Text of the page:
Off-grid adventure on pristine Texas waters

Off-grid adventure on pristine Texas waters

About four hours west of San Antonio and five of Austin, Devils River State Natural Area isn’t the easiest place to get to, that’s exactly what makes it so special. The clear, spring-fed water flows virtually untouched through limestone canyons and rugged wilderness, earning it a reputation as one of the most pristine rivers in Texas.

With three different stream conditions – deep pools, shallows and wild rapids – this remote tributary of the Rio Grande and the nearby Amistad Reservoir are ripe for adventure. So whether you’re an avid paddler looking for the experience of a lifetime or a water lover ready to unplug (cell service is spotty at best), there’s no better place to hang out. soak up pure, wild Texas.


Plan a one- or multi-day Devils River trip that matches your level of experience with Amistad Expeditions. The outfitter provides kayaks and equipment, and will shuttle you to and from the river. Or, if you’re really looking to test your skills, embark on a four-day, 15-mile guided tour through challenging rapids and rough terrain with Angell Expeditions.

Guided or not, make sure you’re ready for a long trip down the Devils River. From securing a permit and book campsites, bring WAG bags and leaving no tracefind out everything you need to know with this planning guide of the Texas Department of Parks and Wildlife.

For a more relaxed paddling adventure, head to the calmer waters of the Amistad Reservoir. Rent a recreational kayak for the day Amistad TCS (Tours, Charters and Shuttles) and explore the great waters. Or paddle one of seven trails that wind through steep-sided canyons to reveal hidden creeks, natural springs that gush from the hillside, and 4,000-year-old scarred cave walls Native American rock art. And don’t forget your binoculars: there are lots of wildlife in the sky and the brush.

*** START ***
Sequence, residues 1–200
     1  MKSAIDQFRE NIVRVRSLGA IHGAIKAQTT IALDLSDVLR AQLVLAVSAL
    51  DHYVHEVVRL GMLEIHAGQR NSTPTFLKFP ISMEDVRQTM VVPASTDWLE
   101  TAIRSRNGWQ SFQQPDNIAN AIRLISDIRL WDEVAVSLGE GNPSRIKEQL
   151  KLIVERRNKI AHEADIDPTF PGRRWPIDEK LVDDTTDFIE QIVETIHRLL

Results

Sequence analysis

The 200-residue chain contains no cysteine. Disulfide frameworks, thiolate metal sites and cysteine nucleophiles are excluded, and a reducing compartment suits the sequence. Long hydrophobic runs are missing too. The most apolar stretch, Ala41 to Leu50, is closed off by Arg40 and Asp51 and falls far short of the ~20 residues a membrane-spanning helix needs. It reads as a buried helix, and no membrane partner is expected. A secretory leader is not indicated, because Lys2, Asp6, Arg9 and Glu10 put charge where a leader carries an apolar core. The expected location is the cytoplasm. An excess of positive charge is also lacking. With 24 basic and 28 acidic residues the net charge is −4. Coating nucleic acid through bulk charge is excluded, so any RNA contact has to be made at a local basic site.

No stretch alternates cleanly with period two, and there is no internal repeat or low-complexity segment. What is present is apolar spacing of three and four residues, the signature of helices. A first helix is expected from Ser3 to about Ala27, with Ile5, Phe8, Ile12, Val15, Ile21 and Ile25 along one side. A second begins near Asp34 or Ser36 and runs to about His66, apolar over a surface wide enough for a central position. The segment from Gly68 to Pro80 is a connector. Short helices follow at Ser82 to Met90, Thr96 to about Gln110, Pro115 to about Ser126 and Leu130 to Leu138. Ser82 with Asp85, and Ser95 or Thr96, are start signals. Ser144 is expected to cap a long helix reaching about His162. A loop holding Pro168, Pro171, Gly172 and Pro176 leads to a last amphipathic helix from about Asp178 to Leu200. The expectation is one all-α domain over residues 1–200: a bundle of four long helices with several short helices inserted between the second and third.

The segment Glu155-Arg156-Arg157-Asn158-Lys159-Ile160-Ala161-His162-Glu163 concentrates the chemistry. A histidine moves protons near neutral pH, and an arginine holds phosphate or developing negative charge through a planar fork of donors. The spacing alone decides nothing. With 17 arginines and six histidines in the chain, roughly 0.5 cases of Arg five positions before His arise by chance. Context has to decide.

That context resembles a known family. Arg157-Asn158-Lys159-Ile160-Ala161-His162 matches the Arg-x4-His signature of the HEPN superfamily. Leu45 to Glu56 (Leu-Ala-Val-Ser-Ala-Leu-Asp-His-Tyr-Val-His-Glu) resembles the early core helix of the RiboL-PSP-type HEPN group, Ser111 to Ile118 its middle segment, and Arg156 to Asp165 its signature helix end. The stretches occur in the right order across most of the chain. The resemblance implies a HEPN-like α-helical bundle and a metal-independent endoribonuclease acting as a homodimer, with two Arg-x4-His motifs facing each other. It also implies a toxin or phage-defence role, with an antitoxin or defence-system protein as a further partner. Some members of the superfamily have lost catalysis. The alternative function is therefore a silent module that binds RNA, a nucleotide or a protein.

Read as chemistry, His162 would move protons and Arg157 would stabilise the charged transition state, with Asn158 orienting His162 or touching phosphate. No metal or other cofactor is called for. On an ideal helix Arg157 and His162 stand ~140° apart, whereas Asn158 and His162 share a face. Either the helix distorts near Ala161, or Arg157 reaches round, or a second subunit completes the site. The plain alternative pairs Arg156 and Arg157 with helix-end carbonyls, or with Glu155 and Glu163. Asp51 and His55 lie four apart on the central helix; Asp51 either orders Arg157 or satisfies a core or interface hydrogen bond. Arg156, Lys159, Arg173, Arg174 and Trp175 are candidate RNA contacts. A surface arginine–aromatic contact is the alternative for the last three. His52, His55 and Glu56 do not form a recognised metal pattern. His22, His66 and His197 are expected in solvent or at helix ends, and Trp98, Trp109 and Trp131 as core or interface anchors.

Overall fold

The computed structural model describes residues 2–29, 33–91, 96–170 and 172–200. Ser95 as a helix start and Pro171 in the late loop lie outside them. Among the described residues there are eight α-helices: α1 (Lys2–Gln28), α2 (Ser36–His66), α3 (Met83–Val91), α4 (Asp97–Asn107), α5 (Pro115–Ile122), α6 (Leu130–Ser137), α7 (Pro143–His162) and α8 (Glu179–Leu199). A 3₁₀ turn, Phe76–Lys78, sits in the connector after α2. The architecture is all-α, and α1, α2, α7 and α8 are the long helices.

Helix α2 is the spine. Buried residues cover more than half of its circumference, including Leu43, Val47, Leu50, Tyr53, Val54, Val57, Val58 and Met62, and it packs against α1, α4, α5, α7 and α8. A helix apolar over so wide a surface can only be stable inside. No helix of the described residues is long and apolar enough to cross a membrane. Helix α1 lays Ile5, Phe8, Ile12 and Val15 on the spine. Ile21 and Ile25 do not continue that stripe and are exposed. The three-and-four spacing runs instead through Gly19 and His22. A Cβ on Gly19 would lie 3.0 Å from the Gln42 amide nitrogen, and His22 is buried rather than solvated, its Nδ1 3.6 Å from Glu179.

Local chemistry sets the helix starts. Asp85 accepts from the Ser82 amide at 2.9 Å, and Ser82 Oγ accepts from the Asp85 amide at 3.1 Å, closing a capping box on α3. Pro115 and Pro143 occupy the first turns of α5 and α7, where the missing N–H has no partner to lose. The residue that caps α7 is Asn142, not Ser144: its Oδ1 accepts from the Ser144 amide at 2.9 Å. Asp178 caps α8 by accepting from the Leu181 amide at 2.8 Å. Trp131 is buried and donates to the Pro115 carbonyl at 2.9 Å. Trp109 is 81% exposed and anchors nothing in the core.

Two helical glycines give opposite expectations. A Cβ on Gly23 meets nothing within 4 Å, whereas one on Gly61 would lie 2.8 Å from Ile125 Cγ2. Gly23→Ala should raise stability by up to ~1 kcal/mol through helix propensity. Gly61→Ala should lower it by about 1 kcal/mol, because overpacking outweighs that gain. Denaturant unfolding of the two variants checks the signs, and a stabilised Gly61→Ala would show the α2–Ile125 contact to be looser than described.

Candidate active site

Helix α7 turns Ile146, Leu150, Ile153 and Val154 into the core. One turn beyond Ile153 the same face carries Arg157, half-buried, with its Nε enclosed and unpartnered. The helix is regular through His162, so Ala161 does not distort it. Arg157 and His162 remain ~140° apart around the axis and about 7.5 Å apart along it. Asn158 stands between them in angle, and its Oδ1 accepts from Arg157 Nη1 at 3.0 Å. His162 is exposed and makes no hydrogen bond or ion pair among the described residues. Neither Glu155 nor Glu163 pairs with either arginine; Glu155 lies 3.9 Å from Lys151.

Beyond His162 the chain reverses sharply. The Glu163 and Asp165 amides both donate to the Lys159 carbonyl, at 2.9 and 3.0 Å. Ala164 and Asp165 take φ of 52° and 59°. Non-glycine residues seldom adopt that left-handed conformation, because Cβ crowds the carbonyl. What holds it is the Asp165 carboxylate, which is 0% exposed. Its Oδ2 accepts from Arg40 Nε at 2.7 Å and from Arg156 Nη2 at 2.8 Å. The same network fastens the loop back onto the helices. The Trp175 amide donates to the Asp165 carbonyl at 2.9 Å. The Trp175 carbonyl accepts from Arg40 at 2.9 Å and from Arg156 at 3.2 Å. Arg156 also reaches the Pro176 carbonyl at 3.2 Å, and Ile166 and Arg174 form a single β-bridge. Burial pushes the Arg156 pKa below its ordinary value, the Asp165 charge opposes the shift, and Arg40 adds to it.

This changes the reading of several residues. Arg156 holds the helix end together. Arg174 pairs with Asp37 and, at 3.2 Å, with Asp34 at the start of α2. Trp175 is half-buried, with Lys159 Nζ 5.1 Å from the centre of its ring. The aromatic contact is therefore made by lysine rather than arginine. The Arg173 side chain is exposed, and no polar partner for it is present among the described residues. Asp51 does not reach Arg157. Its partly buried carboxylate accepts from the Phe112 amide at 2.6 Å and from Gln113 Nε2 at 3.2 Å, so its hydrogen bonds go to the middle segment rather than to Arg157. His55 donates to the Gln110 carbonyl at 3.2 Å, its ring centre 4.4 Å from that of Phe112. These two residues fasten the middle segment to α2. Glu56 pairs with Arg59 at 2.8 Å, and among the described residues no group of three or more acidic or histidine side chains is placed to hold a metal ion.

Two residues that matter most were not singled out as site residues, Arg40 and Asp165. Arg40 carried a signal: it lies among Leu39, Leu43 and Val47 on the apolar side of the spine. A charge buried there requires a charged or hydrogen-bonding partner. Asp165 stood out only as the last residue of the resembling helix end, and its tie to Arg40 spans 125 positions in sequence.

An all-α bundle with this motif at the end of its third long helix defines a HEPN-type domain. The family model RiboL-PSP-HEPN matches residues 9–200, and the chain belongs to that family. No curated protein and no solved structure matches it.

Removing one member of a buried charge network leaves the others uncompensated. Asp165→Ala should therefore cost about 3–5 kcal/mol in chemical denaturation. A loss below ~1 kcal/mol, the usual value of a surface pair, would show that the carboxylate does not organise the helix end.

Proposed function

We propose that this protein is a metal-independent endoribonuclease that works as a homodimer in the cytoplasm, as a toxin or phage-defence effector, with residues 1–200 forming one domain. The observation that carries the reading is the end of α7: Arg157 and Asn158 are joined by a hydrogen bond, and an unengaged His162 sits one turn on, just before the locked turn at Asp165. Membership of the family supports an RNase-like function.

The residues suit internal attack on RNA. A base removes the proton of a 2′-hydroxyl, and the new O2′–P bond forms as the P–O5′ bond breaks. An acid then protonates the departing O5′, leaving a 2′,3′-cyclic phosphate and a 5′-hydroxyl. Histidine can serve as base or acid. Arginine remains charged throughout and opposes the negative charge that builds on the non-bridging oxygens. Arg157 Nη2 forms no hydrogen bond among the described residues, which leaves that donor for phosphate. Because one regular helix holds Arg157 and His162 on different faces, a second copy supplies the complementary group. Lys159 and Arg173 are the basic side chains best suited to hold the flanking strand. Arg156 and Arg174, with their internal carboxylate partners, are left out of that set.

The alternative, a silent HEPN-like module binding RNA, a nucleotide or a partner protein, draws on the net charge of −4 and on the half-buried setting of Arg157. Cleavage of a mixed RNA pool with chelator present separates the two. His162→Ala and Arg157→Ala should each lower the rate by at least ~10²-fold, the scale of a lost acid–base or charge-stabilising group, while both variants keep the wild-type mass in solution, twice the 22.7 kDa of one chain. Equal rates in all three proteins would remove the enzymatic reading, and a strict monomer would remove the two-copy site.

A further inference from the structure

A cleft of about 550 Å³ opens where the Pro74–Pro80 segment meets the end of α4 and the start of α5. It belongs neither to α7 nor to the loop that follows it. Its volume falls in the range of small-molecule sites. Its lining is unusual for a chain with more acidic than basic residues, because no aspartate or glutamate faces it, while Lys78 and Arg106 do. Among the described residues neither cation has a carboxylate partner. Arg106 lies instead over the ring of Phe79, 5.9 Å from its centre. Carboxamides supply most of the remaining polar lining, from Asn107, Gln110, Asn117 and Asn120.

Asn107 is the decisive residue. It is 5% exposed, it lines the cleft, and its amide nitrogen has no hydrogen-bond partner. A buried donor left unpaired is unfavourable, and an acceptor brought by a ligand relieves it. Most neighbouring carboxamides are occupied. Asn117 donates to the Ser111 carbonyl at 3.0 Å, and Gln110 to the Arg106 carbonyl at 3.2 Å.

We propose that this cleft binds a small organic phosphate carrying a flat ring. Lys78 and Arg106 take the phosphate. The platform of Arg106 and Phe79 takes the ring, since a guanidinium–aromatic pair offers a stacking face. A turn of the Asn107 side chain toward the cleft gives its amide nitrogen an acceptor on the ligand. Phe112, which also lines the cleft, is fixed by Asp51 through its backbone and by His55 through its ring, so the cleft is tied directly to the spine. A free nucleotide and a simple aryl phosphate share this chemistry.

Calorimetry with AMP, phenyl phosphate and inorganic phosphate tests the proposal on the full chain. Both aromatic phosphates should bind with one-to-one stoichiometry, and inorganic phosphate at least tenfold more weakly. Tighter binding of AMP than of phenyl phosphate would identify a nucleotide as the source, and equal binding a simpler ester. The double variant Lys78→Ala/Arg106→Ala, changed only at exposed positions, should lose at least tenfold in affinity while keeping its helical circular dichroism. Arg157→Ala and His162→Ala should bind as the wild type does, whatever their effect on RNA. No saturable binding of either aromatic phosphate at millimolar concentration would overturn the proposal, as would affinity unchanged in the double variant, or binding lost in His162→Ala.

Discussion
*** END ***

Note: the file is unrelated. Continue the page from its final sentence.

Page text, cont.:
Another great way to experience these turquoise waters is to dive into them. A day trip by paddleboard from Del Norte on the Devils River will take you to Dolan Falls, a mighty 10ft high waterfall with a clear blue swimming hole that is totally worth the effort it takes to get there. Jump off the cliff walls, but stay clear of the surrounding land; everything is private property.

With unlimited places to swim off the shores of Amistad Reservoir, you almost can’t go wrong. Take a dip, relax and picnic at Governors Landing Campground. Or head to the Diablo East boat launch for stunning views of the lake. The area also has a marked dive cove to keep boats out and depths of over 100ft for some of the best freshwater. scuba diving in Texas.


If paddling downstream, make a reservation in advance and settle into one of four paddle campsites. At night, look for some of the best stargazing in the state. Measured by the Bortle Dark Sky Scalestargazing quality is rated from Class 1 to 9, with Class 1 being Earth’s Darkest Sky and Class 2 being Devils River Natural Area.

To stay at Amistad National Recreation Area, claim a spot at one of five first-come, first-served campgrounds. Or, if you haven’t had enough of the reservoir’s indigo waters yet, pitch a tent right on the shore. Backcountry camping is permitted throughout the area as long as you are within a quarter mile of any campground, boat launch or other developed area.